Evolutionary Applications has published a new issue exploring the ways in which evolutionary biology addresses biological questions of health, social and economic relevance. The issue features an image of a young wood frog on its cover. Editor-in-Chief: Louis Bernatchez has highlighted the articles below as particularly noteworthy:
Molecular genetics and genomics generate new insights into invertebrate pest invasions by Heather Kirk, Silvia Dorn and Dominique Mazzi
Summary: This article reviews current applications of molecular genetics and genomics in the study of invertebrate pest invasions and outbreaks, and highlights shortcomings from the current body of research. It also discusses recent conceptual and methodological advances in the areas of molecular genetics/genomics and data analysis and highlights how these advances will enhance our understanding of these areas.
Evolutionary dynamics of a rapidly receding southern range boundary in the threatened California Red-Legged Frog (Rana draytonii) by Jonathan Q. Richmond, Kelly R. Barr, Adam R. Backlin, Amy G. Vandergast and Robert N. Fisher
Summary: This study reviews the extensive decline in populations of the California red-legged frog (Rana draytonii) since the 1960s due to contemporary disturbance. The authors conclude that while the effects of recent disturbance have left little genetic imprint on these populations, they likely contribute to an extinction debt that will lead to continued range contraction unless management intervenes to stall or reverse the process.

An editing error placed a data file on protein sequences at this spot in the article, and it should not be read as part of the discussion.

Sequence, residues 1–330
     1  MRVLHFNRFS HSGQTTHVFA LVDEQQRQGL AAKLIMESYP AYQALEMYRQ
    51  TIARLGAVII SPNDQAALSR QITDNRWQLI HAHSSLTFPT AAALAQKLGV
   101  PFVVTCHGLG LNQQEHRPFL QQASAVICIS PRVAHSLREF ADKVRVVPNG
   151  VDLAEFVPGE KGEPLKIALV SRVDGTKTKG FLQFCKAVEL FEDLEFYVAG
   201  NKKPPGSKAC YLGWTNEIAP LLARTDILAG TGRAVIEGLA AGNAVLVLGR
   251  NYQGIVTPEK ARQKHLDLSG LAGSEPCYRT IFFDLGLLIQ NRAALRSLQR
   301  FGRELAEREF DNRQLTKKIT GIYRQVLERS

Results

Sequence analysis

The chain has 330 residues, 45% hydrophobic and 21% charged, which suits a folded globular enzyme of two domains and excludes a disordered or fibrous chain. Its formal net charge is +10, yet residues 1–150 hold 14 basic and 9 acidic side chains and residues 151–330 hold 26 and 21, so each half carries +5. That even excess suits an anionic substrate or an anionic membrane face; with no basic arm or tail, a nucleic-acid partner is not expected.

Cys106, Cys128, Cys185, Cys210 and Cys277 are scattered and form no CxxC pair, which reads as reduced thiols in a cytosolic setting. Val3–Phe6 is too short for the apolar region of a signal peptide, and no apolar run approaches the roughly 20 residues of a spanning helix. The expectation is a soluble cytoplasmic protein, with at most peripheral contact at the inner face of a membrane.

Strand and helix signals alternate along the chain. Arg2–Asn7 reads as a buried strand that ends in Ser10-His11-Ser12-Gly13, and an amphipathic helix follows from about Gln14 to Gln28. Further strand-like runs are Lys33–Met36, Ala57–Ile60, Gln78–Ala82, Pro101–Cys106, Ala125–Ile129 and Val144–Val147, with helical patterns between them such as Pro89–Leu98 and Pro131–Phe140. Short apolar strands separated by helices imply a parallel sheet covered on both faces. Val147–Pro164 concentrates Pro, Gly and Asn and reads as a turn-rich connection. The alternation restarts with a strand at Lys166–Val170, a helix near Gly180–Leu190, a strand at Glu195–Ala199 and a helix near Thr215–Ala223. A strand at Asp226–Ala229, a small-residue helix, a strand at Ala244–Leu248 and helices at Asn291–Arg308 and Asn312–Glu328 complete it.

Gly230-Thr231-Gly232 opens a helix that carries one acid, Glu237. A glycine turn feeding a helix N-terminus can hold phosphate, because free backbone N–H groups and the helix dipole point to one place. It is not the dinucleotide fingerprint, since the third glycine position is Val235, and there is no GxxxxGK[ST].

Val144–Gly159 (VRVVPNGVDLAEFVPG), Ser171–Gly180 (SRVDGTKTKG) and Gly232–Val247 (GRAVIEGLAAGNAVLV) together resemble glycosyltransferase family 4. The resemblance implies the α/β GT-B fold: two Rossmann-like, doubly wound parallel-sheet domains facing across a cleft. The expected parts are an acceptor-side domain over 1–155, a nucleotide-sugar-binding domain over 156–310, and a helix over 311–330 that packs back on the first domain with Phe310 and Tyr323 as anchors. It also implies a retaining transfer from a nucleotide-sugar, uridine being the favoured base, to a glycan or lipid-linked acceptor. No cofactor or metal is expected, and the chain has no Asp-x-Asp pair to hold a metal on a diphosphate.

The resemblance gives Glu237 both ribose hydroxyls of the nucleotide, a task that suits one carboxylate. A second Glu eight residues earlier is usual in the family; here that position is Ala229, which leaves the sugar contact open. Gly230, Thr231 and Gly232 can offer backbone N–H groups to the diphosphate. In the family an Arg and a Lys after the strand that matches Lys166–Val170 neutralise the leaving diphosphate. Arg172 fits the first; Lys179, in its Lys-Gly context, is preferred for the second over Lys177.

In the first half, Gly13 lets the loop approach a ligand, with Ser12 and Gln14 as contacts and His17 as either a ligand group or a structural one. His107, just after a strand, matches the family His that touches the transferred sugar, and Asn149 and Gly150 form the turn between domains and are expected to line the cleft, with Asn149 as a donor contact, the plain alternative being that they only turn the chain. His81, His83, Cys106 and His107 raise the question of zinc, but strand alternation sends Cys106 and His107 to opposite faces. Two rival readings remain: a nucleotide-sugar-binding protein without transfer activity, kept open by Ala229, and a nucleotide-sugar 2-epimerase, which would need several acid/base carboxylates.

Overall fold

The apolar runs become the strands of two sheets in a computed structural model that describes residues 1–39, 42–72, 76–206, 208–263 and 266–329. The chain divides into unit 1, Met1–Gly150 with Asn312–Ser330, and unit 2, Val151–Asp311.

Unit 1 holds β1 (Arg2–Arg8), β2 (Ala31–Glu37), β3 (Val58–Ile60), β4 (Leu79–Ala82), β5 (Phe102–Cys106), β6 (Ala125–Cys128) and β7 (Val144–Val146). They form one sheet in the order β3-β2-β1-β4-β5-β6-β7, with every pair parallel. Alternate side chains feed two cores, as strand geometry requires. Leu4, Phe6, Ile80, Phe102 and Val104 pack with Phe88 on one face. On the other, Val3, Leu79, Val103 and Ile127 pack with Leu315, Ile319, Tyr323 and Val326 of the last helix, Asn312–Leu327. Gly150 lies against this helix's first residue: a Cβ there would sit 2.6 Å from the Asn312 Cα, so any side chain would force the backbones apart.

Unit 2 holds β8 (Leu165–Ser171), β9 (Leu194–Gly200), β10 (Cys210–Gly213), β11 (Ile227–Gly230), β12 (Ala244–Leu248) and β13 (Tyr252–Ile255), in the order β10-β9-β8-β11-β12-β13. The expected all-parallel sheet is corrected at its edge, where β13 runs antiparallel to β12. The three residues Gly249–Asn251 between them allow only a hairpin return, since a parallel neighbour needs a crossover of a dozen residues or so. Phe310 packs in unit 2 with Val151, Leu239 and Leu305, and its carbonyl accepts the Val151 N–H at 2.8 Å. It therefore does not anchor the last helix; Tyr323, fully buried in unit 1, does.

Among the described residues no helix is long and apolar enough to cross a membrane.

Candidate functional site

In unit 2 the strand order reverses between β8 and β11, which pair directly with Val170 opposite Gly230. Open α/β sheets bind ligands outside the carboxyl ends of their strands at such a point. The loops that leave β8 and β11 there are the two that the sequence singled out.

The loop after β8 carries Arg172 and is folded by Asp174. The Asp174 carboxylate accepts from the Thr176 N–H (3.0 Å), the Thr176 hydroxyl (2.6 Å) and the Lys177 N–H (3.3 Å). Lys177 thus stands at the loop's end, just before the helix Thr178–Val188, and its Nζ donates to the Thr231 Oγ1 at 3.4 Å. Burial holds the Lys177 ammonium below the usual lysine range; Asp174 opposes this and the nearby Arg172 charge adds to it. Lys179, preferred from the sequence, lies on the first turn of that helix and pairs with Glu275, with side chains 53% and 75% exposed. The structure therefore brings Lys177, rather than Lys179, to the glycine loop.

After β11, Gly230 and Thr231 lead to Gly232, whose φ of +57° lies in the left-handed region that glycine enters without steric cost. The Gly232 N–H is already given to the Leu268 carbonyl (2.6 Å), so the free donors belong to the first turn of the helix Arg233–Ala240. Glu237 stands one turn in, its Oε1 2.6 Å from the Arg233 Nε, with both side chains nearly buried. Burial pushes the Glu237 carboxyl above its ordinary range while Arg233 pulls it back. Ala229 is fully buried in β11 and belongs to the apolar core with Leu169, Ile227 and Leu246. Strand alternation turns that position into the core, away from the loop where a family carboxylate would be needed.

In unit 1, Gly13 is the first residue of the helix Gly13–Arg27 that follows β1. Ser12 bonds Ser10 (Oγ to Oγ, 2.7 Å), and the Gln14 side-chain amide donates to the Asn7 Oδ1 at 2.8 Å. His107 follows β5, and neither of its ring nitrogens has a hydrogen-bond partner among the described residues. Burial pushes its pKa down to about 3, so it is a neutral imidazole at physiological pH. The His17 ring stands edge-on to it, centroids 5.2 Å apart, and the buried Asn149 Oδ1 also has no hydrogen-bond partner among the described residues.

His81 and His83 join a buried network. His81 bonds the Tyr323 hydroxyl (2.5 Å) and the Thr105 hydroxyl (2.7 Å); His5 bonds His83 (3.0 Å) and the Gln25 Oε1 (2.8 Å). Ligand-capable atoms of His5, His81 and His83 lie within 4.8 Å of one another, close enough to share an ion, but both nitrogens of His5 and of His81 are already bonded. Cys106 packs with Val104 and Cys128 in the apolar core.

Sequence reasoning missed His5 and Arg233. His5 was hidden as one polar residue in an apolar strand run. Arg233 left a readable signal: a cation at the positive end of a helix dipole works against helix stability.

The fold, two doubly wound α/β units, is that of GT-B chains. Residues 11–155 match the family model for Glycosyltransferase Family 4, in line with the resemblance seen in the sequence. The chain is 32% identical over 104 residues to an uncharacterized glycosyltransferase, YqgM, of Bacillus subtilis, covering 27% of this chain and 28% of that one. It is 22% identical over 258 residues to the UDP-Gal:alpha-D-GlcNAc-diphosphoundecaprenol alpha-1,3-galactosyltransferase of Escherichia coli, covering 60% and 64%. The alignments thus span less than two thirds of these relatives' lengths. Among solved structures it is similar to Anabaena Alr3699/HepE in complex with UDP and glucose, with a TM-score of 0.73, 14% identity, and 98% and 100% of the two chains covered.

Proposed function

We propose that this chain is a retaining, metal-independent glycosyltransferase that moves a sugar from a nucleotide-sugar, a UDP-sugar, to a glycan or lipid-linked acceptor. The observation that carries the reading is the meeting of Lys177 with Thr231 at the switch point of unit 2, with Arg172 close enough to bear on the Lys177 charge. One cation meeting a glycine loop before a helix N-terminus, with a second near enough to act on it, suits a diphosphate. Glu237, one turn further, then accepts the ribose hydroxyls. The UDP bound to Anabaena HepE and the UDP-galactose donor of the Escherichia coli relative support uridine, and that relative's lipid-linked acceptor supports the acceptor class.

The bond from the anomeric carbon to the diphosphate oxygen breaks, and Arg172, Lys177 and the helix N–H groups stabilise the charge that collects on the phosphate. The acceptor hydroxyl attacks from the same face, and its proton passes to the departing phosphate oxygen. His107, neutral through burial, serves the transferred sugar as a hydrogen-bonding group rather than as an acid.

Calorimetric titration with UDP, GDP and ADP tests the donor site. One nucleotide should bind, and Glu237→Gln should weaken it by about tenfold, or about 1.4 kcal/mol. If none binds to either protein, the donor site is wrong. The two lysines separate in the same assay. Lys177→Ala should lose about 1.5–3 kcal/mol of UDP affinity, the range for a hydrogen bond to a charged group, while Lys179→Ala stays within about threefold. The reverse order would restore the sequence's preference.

Genetic and life-history changes associated with fisheries-induced population collapse by Lilian Pukk, Anna Kuparinen, Leili Järv, Riho Gross and Anti Vasemägi
Summary: This article investigates the evolutinary consequences of intensive fishing simultaneously at phenotypic and molecular level in Eurasian perch (Perca fluviatilis L.) population in the Baltic Sea over a 24-year period. This study demonstrates the value of combining genetic and phenotypic analyses in the context of long-term genetic monitoring and suggests that replacement or breakdown of locally adapted gene complexes may play important role in impeding the recovery of fish populations.
In 2013 we have expanded the scope of Evolutionary Applications. As before, we are keen to encourage papers applying concepts from evolutionary biology to address biological questions of health, social and economic relevance across a vast array of applied disciplines. We now also strongly encourage submissions of papers making use of modern molecular and genetic methods to address important questions in an applied evolutionary framework. For more information please visit the aims and scopes page.